A Randomized Trial of Behavioral Nudges Delivered Through Text Messages to Increase Influenza Vaccination Among Patients With an Upcoming Primary Care Visit

Mitesh S. Patel, Katherine L. Milkman, Linnea Gandhi, Heather N. Graci, Dena Gromet, Hung Ho, Joseph S. Kay, Timothy W. Lee, Jake Rothschild, Modupe Akinola, John Beshears, Jonathan E. Bogard, Alison Buttenheim, Christopher Chabris, Gretchen B. Chapman, James J. Choi, Hengchen Dai, Craig R. Fox, Amir Goren, Matthew D. HilcheyJillian Hmurovic, Leslie K. John, Dean Karlan, Melanie Kim, David Laibson, Cait Lamberton, Brigitte C. Madrian, Michelle N. Meyer, Maria Modanu, Jimin Nam, Todd Rogers, Renante Rondina, Silvia Saccardo, Maheen Shermohammed, Dilip Soman, Jehan Sparks, Caleb Warren, Megan Weber, Ron Berman, Chalanda N. Evans, Seung Hyeong Lee, Christopher K. Snider, Eli Tsukayama, Christophe Van den Bulte, Kevin G. Volpp, Angela L. Duckworth

Research output: Contribution to journalArticlepeer-review

Abstract

Purpose: To evaluate if nudges delivered by text message prior to an upcoming primary care visit can increase influenza vaccination rates. Design: Randomized, controlled trial. Setting: Two health systems in the Northeastern US between September 2020 and March 2021. Subjects: 74,811 adults. Interventions: Patients in the 19 intervention arms received 1-2 text messages in the 3 days preceding their appointment that varied in their format, interactivity, and content. Measures: Influenza vaccination. Analysis: Intention-to-treat. Results: Participants had a mean (SD) age of 50.7 (16.2) years; 55.8% (41,771) were female, 70.6% (52,826) were White, and 19.0% (14,222) were Black. Among the interventions, 5 of 19 (26.3%) had a significantly greater vaccination rate than control. On average, the 19 interventions increased vaccination relative to control by 1.8 percentage points or 6.1% (P =.005). The top performing text message described the vaccine to the patient as “reserved for you” and led to a 3.1 percentage point increase (95% CI, 1.3 to 4.9; P <.001) in vaccination relative to control. Three of the top five performing messages described the vaccine as “reserved for you.” None of the interventions performed worse than control. Conclusions: Text messages encouraging vaccination and delivered prior to an upcoming appointment significantly increased influenza vaccination rates and could be a scalable approach to increase vaccination more broadly.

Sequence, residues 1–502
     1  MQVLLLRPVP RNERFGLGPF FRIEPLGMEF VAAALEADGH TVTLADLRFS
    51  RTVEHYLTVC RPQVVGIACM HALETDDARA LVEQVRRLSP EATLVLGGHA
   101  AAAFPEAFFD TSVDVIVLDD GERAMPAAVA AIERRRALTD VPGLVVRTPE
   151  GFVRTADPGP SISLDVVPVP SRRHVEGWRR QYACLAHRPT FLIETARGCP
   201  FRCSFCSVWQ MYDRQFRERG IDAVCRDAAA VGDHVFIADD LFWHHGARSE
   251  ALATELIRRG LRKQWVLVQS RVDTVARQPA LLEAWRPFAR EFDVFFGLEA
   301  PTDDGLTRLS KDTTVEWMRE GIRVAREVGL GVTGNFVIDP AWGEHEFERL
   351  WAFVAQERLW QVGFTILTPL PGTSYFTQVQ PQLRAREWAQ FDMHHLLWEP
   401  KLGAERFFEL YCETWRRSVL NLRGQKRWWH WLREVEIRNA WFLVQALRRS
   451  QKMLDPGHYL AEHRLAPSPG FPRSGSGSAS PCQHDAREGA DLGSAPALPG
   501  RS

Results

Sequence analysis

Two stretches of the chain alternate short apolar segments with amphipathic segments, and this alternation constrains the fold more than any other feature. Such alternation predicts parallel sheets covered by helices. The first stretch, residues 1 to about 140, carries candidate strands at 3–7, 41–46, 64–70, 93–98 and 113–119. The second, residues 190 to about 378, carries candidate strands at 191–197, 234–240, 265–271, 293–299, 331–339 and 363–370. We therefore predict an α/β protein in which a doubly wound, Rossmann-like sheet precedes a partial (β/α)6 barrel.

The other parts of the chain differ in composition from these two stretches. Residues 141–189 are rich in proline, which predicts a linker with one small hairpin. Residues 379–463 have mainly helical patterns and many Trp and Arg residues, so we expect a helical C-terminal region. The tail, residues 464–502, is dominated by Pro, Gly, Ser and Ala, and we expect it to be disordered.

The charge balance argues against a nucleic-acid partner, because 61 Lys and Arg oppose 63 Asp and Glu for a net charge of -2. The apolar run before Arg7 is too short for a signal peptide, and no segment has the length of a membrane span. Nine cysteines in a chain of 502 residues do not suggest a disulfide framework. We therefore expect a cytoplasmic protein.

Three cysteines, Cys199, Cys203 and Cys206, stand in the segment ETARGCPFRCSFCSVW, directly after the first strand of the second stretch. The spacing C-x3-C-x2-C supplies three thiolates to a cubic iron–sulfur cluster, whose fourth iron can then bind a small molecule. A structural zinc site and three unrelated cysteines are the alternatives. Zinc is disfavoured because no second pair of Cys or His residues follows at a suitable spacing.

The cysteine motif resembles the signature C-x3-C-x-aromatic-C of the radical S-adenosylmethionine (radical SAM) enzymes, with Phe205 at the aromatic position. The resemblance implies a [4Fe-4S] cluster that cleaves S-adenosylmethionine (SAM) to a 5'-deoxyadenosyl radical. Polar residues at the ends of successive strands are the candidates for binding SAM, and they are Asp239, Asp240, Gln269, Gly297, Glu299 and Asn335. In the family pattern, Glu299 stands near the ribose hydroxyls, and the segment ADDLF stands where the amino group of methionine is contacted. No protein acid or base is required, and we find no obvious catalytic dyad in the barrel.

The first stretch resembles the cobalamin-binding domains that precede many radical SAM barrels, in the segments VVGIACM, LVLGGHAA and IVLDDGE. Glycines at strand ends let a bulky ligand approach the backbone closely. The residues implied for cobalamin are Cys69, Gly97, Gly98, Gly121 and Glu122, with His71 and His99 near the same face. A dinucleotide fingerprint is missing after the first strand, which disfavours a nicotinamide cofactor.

Original languageEnglish (US)
JournalAmerican Journal of Health Promotion
DOIs
StateAccepted/In press - 2022
Externally publishedYes

Keywords

  • behavioral nudge
  • COVID-19
  • influenza
  • text message
  • vaccination

ASJC Scopus subject areas

  • Health(social science)
  • Public Health, Environmental and Occupational Health

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